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NASCAR on NBC podcast, Episode X: Dale Jarrett

Gardner Denver 200 Fired Up by Johnsonville

ELKHART LAKE, W.I. - JUNE 20: NASCAR Hall of Fame driver and television personality Dale Jarrett stands in the garage area before practice for the NASCAR Nationwide Series Gardner Denver 200 Fired Up by Johnsonville at Road America, June 20, 2014 in Elkhart Lake, Wisconsin. (Photo by Rainier Ehrhardt/Getty Images)

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Dale Jarrett’s unique relationship to two generations of Earnhardts is among the highlights of the latest NASCAR on NBC podcast.

In the program’s 10th episode, the NBC Sports analyst and 1999 NASCAR champion talks about his role as a mentor to many Sprint Cup drivers – and explains that it was a conversation with seven-time series champion Dale Earnhardt that drove home the importance of leaving a legacy for the greater good.

“I sat in on a number of conversations that he had with NASCAR, and he wasn’t looking for something that would help him at Richard Childress Racing,” Jarrett said. “He was looking for things that were going to make for great competition and continue to grow numbers as far as the number of fans to make the sport bigger and better.

“I had a conversation with him after the first time I was in one of those meetings, and it struck me if the biggest name in our sport at the time could go in, and he wasn’t talking about things that would be beneficial to him and his race team. … That’s a lesson to me. I knew then that was something I wanted to carry forward.”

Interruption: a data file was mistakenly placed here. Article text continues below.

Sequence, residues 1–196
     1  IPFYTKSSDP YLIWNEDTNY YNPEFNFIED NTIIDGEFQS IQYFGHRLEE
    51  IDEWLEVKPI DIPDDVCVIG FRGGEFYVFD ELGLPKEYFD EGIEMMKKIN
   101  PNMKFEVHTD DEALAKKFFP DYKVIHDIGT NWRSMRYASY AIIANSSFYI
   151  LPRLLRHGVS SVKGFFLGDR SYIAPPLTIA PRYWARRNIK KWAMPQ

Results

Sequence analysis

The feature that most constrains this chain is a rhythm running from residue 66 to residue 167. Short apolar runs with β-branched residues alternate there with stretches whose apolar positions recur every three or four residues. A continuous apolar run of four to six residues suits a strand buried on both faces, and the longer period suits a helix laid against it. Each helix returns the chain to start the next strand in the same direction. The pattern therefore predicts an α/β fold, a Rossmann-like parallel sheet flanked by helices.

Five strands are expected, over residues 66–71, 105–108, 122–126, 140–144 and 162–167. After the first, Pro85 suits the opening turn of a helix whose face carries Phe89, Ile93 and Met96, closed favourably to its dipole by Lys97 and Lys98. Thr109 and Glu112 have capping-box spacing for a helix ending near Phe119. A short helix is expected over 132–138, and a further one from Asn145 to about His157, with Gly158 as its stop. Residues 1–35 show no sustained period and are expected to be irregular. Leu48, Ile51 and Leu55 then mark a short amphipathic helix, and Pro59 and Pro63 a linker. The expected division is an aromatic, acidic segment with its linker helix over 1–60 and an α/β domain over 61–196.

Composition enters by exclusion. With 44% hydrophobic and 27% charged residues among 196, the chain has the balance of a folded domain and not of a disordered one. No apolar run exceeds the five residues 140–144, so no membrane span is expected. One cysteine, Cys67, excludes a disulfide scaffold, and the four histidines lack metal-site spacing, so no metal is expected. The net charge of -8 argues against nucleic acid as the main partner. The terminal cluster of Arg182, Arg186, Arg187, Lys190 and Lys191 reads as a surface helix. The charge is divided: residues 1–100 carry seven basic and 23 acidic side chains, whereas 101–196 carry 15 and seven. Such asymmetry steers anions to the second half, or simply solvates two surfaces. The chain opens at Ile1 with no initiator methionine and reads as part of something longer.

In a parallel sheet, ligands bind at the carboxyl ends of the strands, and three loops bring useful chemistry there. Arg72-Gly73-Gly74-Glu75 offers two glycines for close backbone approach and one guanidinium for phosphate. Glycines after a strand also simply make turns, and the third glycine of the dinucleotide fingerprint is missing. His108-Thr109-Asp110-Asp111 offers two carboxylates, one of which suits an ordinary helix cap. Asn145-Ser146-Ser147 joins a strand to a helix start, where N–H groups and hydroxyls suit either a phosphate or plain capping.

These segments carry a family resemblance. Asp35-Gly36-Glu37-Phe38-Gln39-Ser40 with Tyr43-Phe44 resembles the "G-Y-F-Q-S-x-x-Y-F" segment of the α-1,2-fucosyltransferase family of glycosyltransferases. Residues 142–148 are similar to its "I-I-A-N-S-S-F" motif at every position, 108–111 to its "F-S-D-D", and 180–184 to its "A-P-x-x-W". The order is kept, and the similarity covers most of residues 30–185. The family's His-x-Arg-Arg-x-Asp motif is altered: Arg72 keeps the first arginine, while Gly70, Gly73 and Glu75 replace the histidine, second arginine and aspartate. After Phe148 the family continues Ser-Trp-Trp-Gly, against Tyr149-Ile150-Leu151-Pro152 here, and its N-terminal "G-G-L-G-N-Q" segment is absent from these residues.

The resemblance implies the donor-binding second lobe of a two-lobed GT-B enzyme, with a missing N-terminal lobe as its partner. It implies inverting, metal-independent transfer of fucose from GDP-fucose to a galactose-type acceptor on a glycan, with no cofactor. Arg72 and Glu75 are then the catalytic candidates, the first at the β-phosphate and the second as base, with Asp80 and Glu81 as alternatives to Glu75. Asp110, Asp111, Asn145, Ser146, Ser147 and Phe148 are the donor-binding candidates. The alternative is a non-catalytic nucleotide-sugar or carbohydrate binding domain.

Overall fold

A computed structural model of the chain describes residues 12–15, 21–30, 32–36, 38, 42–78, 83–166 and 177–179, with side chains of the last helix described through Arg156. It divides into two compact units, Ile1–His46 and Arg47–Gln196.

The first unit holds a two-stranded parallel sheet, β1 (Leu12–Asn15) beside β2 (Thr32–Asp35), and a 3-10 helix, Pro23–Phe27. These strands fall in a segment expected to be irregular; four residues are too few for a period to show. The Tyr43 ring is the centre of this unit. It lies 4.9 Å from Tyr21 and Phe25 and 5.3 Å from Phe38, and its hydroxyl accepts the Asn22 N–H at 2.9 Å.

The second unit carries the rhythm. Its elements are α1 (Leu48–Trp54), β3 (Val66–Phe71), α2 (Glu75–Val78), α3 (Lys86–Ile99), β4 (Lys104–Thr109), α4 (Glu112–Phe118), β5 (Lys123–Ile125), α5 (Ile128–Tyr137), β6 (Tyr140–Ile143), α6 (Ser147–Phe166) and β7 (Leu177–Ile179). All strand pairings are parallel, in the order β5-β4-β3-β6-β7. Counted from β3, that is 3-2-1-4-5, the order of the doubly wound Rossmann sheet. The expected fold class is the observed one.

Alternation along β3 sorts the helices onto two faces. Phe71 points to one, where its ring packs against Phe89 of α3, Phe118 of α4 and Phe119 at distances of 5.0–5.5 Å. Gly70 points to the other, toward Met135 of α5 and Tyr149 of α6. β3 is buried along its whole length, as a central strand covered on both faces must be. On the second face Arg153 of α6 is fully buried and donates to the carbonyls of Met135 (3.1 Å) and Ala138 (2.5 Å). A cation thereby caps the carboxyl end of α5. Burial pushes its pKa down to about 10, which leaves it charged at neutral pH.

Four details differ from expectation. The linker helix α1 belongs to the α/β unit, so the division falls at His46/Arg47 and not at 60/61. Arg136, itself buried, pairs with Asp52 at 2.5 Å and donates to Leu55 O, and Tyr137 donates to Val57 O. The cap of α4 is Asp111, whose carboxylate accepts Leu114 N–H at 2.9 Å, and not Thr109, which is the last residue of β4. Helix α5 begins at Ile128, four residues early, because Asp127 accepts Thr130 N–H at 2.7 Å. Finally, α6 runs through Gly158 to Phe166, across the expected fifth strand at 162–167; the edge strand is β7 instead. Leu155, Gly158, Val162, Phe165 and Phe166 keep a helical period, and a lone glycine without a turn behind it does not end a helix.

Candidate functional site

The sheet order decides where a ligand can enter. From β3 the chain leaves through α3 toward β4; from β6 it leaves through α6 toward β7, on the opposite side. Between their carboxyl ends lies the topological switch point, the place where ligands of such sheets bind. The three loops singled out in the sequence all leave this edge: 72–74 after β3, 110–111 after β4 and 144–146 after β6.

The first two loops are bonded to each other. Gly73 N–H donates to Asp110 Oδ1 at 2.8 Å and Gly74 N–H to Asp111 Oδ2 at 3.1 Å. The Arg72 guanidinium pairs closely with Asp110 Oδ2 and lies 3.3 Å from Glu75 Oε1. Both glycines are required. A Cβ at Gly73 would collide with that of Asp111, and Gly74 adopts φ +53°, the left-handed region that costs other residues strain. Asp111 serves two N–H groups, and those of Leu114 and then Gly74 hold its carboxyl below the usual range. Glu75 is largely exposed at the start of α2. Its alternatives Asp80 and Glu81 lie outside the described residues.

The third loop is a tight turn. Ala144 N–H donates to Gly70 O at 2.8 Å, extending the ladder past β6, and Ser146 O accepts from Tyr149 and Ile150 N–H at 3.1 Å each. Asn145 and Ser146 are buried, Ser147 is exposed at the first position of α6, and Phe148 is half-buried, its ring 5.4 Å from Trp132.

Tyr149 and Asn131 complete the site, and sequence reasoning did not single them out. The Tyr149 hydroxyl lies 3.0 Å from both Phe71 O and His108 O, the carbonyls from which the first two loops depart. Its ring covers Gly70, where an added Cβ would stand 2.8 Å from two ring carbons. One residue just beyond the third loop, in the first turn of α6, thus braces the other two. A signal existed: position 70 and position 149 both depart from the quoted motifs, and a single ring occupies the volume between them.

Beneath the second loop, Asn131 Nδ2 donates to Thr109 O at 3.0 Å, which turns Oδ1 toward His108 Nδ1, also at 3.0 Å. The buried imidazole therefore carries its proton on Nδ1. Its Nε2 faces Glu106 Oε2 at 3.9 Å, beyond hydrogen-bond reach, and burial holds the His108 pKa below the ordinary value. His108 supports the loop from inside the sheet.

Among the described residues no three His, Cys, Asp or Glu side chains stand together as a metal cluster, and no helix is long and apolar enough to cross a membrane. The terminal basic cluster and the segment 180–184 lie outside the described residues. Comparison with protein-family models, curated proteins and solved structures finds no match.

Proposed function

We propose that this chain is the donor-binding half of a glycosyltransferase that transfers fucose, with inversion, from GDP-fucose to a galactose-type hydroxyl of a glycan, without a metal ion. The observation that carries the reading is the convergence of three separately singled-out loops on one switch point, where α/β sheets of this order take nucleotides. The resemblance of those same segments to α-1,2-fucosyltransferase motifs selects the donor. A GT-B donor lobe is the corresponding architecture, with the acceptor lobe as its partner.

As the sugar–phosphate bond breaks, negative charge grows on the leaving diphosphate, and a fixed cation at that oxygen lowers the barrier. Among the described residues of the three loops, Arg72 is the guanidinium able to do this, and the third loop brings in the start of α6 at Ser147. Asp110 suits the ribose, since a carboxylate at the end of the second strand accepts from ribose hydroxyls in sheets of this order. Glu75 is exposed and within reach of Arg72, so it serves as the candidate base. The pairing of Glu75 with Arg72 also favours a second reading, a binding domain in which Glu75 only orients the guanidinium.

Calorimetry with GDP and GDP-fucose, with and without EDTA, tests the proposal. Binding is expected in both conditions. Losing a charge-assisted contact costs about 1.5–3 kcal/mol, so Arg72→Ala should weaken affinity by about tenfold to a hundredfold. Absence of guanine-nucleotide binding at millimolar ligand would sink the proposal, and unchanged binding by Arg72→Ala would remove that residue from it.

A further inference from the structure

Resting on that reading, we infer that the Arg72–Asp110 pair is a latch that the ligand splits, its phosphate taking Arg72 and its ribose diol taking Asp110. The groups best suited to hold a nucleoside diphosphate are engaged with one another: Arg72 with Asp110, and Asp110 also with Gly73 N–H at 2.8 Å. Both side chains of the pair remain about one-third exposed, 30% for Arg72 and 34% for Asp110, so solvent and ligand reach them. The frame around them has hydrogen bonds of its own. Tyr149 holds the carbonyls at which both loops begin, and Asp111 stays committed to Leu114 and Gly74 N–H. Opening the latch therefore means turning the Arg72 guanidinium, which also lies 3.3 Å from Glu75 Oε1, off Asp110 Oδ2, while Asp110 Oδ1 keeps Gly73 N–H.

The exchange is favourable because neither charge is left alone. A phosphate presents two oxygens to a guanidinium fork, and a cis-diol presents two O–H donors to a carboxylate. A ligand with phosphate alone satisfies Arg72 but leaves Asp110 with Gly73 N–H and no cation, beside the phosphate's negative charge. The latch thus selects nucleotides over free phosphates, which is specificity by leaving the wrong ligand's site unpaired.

The 32-time winner in NASCAR’s premier series carried some sage advice to the next generation, including Dale Earnhardt Jr.

Jarrett recounted being at the victory celebration at Daytona International Speedway for Dale Earnhardt Jr., who won the first Cup race at track after his father’s death.

“Dale Jr.’s been through something in his life that no one else has ever experienced,” Jarrett said. “So I didn’t know how to talk to him. I wasn’t trying to replace his dad. I wouldn’t even try to do that.

“There were times he was looking for someone to talk to, and it wasn’t as much me talking and telling him things as much as it was me just listening. I have what I think is a great relationship with him and I appreciate all that he’s been through and the way he has handled being the most popular figure in our sport for a long time.”

Among the other topics discussed by Jarrett, who was elected to the NASCAR Hall of Fame in 2013:

--His emphasis on reinvesting time in his children’s lives after retiring from driving (Jarrett is planning to attend more than 50 baseball games this season with UNC Charlotte, where his son, Zack, is an outfielder).

--His thoughts on the two-weekend winning streak of Kyle Busch and the defending series champion’s comeback from last year’s injuries. “You hate to see anyone have to deal with a devastating injury like that,” Jarrett said. “But it makes you appreciate things more. As crazy as it sounds, I’m not sure it wasn’t the best thing that could have happened to Kyle Busch. … He’s always been as talented as anyone I’ve seen drive a race car. There are things Kyle Busch can do with a race car, that other drivers, this includes Tony Stewart, can’t.”

--The legacy he wanted to leave behind of being known more for how he kept “the sport’s best interests in mind” than for how he performed on the track.

--His friendship with NBA analyst and former superstar Charles Barkley, who once went for a memorable and terrifying ridealong with Jarrett.

You can listen to the podcast by clicking below or download and subscribe to it on iTunes by clicking here. The free subscription will provide automatic downloads of new episodes to your smartphone. It also is available on Stitcher by clicking here.

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